Despite the busted lips, rented hulls and an assortment of mishaps that befell the DNF’s, the two most disappointed drivers in the race had to be the Argentinians Juan Taylor and Andres Nara who both finished too late to be legal. Both would have won world class championships since they were the only ones in their respective classes to show up.
Getting back to our heroine Betty Cook, to the credit of the men they all came up to the new ‘Queen of Offshore’ and sincerely expressed their admiration. There was little else they could do, so devastating was her victory considering the conditions. The sentiment among the woman on the race scene transcended a mere sport so proud were they. Miami Herald boating writer Jim Martenhoff said in his next day’s covering story that he saw woman weeping over Betty’s success.
Meanwhile the little woman was giving all the credit to her crew of throttleman and set-up genius John Conner, navigator Don Holloway and boatbuilder Larry Smith. It wasn’t the first bit of fame to come Cook’s way. On March 5th of this year she won the Bushmills Grand Prix in her home Pacific Ocean waters, becoming the first woman to ever take the chequered flag in the sport. She kept the US points lead for the next three races yielding it to the ultimate U.S. champ Halpern only after first cracking a rib then blowing an engine in that order at the 13th July New Jersey Grand Prix.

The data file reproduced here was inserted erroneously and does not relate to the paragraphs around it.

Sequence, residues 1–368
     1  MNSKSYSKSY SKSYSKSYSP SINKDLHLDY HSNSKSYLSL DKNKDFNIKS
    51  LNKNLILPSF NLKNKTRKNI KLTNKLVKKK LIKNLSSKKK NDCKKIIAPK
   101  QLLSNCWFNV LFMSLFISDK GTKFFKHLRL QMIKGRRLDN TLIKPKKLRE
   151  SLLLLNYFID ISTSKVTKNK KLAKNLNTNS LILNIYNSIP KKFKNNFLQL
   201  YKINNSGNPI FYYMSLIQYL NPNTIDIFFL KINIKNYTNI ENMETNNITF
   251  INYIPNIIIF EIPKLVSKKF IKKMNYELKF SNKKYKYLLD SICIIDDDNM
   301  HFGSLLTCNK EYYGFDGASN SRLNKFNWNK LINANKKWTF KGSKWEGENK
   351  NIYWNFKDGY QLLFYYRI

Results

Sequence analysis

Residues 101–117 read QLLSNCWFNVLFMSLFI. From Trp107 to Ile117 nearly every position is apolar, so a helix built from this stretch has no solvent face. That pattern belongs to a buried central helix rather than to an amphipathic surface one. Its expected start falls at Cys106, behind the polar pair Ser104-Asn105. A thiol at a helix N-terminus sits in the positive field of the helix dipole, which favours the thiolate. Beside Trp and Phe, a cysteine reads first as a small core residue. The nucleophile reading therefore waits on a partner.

On 10th September the little lady who admits to being so short she spends much of each race hanging in the oversized cockpit by her armpits and who says she can’t even see over Kaama’s nose at times, previewed the Key West race by taking the lead at the start of the San Francisco offshore race and keeping it all the way home. Key West was Betty’s third victory this year which places her second in all the world behind England’s Doxford whose nine coups broke Don Aronow’s previous record of eight set in 1969.
To date, no one including herself has been able to figure out just how Betty does what she does. Her boat, although made of Kevlar, is not recognised as the fastest. There are several ocean racers that have a top end 5 mph quicker or more. There are also drivers who are more talented than she… and certainly many who are stronger, like maybe all of them. There are a few smarter… like maybe none of them… and none more courageous.
Betty says that throttle man Connor had her “stretched out about as far as I could go”, “I thought I was in over my head,” she recalls.
Maybe, but stretched out Betty Cook looked at least twenty-one minutes too long to the rest of the fleet at Key West.